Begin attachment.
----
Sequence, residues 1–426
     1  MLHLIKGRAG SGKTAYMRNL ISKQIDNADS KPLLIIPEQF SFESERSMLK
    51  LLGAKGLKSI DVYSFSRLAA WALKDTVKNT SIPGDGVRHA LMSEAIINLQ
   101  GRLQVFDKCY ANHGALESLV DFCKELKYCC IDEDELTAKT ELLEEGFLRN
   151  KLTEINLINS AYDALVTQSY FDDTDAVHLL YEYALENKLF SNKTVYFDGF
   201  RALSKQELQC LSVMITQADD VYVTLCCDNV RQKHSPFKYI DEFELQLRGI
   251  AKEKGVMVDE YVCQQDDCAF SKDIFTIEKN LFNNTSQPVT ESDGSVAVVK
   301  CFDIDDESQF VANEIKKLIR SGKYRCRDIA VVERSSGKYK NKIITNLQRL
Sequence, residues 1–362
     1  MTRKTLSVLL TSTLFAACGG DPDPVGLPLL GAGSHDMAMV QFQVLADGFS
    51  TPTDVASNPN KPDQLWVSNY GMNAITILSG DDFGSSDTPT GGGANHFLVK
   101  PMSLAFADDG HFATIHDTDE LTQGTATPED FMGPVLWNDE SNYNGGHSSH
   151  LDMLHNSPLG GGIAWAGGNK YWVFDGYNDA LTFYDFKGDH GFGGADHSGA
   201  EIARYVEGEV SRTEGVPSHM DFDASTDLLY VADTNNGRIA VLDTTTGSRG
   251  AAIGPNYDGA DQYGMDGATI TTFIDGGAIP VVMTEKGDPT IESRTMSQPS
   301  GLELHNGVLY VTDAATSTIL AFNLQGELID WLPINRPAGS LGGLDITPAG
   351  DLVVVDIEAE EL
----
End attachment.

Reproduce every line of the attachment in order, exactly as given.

Sequence, residues 1–426
     1  MLHLIKGRAG SGKTAYMRNL ISKQIDNADS KPLLIIPEQF SFESERSMLK
    51  LLGAKGLKSI DVYSFSRLAA WALKDTVKNT SIPGDGVRHA LMSEAIINLQ
   101  GRLQVFDKCY ANHGALESLV DFCKELKYCC IDEDELTAKT ELLEEGFLRN
   151  KLTEINLINS AYDALVTQSY FDDTDAVHLL YEYALENKLF SNKTVYFDGF
   201  RALSKQELQC LSVMITQADD VYVTLCCDNV RQKHSPFKYI DEFELQLRGI
   251  AKEKGVMVDE YVCQQDDCAF SKDIFTIEKN LFNNTSQPVT ESDGSVAVVK
   301  CFDIDDESQF VANEIKKLIR SGKYRCRDIA VVERSSGKYK NKIITNLQRL
Sequence, residues 1–362
     1  MTRKTLSVLL TSTLFAACGG DPDPVGLPLL GAGSHDMAMV QFQVLADGFS
    51  TPTDVASNPN KPDQLWVSNY GMNAITILSG DDFGSSDTPT GGGANHFLVK
   101  PMSLAFADDG HFATIHDTDE LTQGTATPED FMGPVLWNDE SNYNGGHSSH
   151  LDMLHNSPLG GGIAWAGGNK YWVFDGYNDA LTFYDFKGDH GFGGADHSGA
   201  EIARYVEGEV SRTEGVPSHM DFDASTDLLY VADTNNGRIA VLDTTTGSRG
   251  AAIGPNYDGA DQYGMDGATI TTFIDGGAIP VVMTEKGDPT IESRTMSQPS
   301  GLELHNGVLY VTDAATSTIL AFNLQGELID WLPINRPAGS LGGLDITPAG
   351  DLVVVDIEAE EL